A common pitfall in restructuring is to simply tweak the existing organisational structure instead of starting from scratch. Legacy structures can often be barriers to progress. They may be deeply ingrained but no longer serve the organisation. Overcoming this rigidity requires a clean break — a willingness to discard old models that don’t work and embrace new, more relevant designs. 

Organisation design principles 

As there is no such thing as a perfect organisation, adhering to the principles of organisation design is a critical first step in addressing fundamental issues when designing or re-designing an organisation. The aim is to design an organisation that best fits your organisation’s needs and strategic objectives. 

Before embarking on any detailed work, the design of the organisation must be agreed, and this involves reviewing five aspects: 

1. Business strategy

Your organisation design must support the mission (the company’s purpose and reason for existence), vision (what future success looks like and desired outcomes), goals (long-term goals that align with the vision), and objectives (specific and measurable targets for short- and medium-term milestones).

2. Current performance

Internal performance benchmarking compares current performance with historical data to identify areas of improvement or stagnation. Meanwhile, external competitive analysis looks at performance against industry benchmarks and direct competitors to assess strengths and weaknesses.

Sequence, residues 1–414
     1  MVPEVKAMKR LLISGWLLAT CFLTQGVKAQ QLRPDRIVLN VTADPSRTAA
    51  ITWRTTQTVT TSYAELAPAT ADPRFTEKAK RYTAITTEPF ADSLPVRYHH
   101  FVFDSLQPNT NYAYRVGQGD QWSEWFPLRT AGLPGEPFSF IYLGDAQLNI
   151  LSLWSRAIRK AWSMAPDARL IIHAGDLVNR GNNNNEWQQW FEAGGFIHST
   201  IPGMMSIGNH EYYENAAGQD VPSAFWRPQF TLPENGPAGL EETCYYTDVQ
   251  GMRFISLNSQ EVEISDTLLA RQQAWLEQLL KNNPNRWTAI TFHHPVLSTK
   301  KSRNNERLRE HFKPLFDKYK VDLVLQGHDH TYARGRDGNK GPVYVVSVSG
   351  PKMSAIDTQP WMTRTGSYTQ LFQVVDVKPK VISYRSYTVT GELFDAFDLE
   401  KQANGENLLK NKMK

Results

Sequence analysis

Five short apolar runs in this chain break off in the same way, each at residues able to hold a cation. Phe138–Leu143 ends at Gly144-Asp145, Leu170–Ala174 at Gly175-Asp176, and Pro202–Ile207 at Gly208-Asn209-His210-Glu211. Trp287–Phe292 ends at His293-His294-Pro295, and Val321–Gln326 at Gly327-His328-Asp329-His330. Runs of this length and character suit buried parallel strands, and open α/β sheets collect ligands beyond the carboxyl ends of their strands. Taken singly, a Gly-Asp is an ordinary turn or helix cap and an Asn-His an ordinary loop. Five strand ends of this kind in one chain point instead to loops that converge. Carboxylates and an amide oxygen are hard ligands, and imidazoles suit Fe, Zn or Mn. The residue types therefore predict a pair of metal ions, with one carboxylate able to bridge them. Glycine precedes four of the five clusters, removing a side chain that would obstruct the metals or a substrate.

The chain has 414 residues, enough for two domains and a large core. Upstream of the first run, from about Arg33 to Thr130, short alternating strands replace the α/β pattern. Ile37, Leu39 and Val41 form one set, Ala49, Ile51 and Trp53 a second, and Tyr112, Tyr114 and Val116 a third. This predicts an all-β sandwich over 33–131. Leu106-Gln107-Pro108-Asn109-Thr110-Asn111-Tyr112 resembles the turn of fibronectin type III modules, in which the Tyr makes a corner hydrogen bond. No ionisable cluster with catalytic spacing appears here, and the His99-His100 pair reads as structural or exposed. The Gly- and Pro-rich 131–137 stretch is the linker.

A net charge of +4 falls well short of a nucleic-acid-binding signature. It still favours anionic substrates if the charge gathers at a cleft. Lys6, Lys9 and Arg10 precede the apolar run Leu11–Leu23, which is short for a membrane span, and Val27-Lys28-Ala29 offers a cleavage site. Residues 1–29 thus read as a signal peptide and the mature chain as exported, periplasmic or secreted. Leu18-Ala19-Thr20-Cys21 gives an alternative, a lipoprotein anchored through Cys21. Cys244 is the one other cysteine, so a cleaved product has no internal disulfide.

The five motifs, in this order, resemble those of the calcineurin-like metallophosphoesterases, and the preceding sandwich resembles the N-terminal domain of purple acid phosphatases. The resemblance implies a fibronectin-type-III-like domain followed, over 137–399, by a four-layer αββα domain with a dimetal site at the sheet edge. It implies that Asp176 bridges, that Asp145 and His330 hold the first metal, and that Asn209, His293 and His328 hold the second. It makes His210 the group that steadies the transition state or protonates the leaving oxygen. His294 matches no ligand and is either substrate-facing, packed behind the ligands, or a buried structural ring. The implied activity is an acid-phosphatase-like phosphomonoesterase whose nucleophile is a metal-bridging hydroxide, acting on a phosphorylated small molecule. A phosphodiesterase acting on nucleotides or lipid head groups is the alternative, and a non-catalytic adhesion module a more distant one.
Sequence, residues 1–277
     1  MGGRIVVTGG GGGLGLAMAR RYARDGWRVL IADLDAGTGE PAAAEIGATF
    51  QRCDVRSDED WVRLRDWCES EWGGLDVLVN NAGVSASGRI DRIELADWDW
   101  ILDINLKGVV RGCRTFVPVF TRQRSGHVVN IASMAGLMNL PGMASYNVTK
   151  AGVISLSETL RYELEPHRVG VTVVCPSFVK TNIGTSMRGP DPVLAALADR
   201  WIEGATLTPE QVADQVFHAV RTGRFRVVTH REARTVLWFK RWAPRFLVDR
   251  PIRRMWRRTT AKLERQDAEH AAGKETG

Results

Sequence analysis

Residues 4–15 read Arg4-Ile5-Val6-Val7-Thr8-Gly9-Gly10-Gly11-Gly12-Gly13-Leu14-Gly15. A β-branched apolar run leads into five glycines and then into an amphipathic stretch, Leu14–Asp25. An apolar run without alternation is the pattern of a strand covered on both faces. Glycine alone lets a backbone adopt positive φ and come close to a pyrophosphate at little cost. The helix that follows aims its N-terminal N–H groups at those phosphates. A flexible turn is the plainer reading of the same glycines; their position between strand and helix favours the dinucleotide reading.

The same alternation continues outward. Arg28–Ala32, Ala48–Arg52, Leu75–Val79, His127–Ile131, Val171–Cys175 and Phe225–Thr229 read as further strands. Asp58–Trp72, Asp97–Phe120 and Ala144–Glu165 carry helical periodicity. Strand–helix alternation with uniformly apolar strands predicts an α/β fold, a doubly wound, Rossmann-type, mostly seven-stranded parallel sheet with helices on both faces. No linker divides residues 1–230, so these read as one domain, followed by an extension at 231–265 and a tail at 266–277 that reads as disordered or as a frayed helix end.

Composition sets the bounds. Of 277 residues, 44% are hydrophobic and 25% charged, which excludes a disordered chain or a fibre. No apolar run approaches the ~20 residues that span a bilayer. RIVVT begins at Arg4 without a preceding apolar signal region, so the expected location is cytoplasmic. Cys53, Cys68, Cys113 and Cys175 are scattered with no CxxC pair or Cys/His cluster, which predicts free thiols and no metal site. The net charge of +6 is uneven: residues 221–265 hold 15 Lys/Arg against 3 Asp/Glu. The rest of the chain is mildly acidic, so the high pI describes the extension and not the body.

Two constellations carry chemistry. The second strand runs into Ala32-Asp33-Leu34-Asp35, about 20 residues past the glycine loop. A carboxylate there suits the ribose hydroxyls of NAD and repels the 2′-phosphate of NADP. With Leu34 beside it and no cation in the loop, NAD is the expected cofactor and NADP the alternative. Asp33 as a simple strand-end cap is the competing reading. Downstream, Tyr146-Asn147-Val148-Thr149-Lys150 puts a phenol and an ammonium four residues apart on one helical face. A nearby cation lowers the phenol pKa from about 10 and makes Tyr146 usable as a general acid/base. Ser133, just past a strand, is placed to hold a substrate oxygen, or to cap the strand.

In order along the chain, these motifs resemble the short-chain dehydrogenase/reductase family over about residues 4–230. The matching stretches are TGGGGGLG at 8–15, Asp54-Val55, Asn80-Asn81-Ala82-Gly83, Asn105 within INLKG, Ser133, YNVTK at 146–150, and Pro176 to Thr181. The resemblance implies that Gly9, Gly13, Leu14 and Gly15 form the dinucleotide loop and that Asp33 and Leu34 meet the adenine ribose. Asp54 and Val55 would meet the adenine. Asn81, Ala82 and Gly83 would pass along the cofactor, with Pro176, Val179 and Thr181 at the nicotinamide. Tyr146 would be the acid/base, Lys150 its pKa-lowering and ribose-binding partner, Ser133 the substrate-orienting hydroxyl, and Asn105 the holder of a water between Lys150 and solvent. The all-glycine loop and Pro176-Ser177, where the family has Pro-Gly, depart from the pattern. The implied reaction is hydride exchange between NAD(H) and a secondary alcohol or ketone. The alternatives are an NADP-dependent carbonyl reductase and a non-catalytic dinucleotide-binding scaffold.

3. Stakeholder perspectives

Gather insights from external customers and internal “customers” (employees) to understand their pain points, needs and expectations. Assess the effectiveness of supplier relationships and identify opportunities for collaboration or improvement. Employees are your company’s greatest asset. It pays to assess employee engagement, morale, and satisfaction to gauge the company’s internal culture and identify potential issues.

4. Current capabilities

Identify the organisation’s current skills, knowledge and resources. Anticipate future skills requirements based on strategic goals, technological advances, and market trends.

5. Review the current organisation chart

The purpose of this exercise is to identify the current strengths and weaknesses of the structure. Managers tend to assume that the current organisational state is clear and that all employees fit into the chart. Surprisingly, most charts are inaccurate or out of date.

Spotlight: Orchestrating organisation design successfully 

Effectively orchestrating organisation design can be a complex undertaking due to the inherent challenges of overcoming established structures and ingrained practices. However, Renoir consultants used their skills and expertise to help a shipping company navigate these complexities and achieve a successful organisational transformation.